Morning Links: Ellora’s Cave vs Dear Author removed to Federal Court. Kindle vs. Kindle
October 23, 2014 | 9:00 am

kindleEllora's Cave vs Dear Author Suit Removed to Federal Court (The Passive Voice) Dear Author has just removed the case from the Ohio state court where it was originally filed to the relevant U.S. District Court in Ohio claiming diversity jurisdiction is present in the case. *** How Piracy Benefits Companies, Even if They Don't Admit it (Lifehacker) We've talked a lot about the legality of piracy a lot here at Lifehacker, but really, you're probably breaking the law everyday anyway. However, piracy can sometimes have its benefits. Even to the companies who own the copyrights. *** Ten Things I've Learned About Life from Blogging (Design...

John Grisham speaks out – for pedophiles?
October 16, 2014 | 12:25 pm

johngrisham.jpgJohn Grisham, hawklike legal eagle, millionaire bestselling author, spokesperson for middle-aged white pedophiles ... oops. How did that one slip through the publicist's net? Through Grisham's own mouth, it seems, relayed via the UK's Daily Telegraph in an interview taped for your enjoyment and judicial edification. And the legal opinions vouchsafed therein are interesting to say the least... Grisham complains about the harsh sentences meted out to consumers of pornography, even child pornography, and bemoans the fact that: "we have prisons now filled with guys my age, 60-year-old white men in prison who've never harmed anybody, would never touch a child, but...

Morning Roundup: eBay and PayPal to part ways. Update on Ellora’s Cave vs. Dear Author
September 30, 2014 | 9:00 am

dear author logoeBay and PayPal to Part Ways in 2015 (GigaOM) Thanks to pressure from activist investors, eBay and PayPal will be separate entities next year, ending 12 years of togetherness. *** Stephen King Predicts That Physical Books Are Here to Stay (GalleyCat) Author Stephen King predicts that the physical book will “be here for a long, long time.” *** Update on the Ellora's Cave vs. Dear Author Defamation Suit (The Digital Reader) Much has changed in the three days since I brought you news that Ellora’s Cave was suing well-known romance book blog Dear Author for defamation, and few of the changes favor Ellora’s Cave. *** Four Methods for Choosing...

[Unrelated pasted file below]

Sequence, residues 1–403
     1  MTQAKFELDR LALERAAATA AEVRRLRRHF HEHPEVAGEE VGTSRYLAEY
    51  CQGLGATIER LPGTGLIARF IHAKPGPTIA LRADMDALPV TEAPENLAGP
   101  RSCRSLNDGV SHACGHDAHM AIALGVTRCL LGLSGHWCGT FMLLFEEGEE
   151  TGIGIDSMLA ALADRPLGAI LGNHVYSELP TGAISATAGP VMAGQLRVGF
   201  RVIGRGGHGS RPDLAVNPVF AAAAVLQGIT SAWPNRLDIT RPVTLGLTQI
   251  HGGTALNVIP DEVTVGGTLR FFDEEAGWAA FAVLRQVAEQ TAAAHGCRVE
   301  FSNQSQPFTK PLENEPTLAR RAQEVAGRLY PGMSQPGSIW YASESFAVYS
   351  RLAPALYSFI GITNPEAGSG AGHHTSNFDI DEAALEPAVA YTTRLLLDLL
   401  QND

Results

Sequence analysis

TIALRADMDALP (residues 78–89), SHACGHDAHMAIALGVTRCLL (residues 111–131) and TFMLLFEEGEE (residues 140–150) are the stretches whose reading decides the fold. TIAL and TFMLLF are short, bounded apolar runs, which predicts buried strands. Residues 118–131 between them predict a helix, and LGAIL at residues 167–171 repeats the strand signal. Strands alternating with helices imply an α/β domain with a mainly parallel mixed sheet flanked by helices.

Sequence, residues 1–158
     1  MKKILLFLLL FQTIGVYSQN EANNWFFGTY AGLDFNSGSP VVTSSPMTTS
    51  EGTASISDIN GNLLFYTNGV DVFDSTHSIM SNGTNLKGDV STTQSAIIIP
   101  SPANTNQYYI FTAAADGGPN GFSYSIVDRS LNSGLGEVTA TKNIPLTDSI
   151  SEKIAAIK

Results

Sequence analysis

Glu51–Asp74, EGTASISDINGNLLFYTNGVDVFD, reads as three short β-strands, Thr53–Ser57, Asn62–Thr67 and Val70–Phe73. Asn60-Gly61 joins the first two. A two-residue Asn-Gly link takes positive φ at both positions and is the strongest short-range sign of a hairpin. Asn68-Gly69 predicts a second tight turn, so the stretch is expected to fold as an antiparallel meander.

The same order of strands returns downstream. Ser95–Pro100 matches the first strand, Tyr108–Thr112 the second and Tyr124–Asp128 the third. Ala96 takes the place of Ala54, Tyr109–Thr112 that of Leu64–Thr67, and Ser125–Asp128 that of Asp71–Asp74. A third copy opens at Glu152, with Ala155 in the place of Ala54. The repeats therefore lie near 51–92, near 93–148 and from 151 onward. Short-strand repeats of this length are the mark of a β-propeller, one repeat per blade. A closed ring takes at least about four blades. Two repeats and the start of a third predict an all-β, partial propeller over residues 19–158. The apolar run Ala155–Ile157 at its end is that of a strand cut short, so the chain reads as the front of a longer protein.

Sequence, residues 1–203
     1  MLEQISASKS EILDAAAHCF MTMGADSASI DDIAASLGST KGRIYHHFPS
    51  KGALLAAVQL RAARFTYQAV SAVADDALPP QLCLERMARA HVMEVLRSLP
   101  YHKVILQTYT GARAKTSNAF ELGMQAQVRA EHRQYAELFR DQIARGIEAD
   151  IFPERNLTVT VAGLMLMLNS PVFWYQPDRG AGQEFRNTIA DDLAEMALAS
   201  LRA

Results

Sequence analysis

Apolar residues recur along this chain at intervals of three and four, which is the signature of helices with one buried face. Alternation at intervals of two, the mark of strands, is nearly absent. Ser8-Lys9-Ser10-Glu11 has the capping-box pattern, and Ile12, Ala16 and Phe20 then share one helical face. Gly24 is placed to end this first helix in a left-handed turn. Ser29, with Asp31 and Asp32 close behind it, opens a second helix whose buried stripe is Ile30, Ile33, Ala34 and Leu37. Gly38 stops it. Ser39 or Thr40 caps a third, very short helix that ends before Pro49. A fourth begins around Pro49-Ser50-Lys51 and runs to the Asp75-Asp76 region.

Aereo loses, cell phone privacy wins at Supreme Court today
June 25, 2014 | 11:22 am

A pair of important Supreme Court decisions came down today—one disappointing and one critically important to anyone who uses mobile devices. The disappointing one is a 6-3 decision killing Aereo. The service that used dedicated individual miniature antennas to stream broadcast TV service to people’s computers over the Internet has been ruled to appear too much like a cable company, even as it scrupulously followed the letter of existing case law (while nonetheless skirting its spirit). Aereo could try to license content from the networks going forward, but would have to pass the costs on to consumers—and as Gizmodo...

Another bad idea: Charging news aggregators for snippets
May 13, 2014 | 4:25 pm

news aggregatorsGoogle is the bad guy yet again. Well, not just Google but other news aggregators. Spain is attempting to pass a law to force aggregators to pay for the content they collect. The argument for the law is that most people don't click through headlines and snippets to get to the "real" site. So since the news site isn't getting their page views from the aggregators, they want to charge for the links. From the article: Under the new law, the original publisher will be compensated even for the reproduction of headlines and snippets of text. Written permission and a greater fee...

UK Inspector of Prisons condemns political interference in book ban policy
March 28, 2014 | 12:25 pm

inspector of prisonsThe storm of criticism that greeted the UK Government's new policy of stopping anyone sending books to prisoners has gone beyond writers and left-wing politicians to professionals in the prisons system. Now, in an interview with The Independent, the UK Chief Inspector of Prisons, Nick Hardwick, has condemned the ban as "not sensible,” with individual prison governors best placed to decide what prisoners should and shouldn't receive. "The problem in this case… is trying to micro-manage this from the centre, with the centre describing very detailed lists of what prisoners can and can't have,” he said in The Independent. “I think...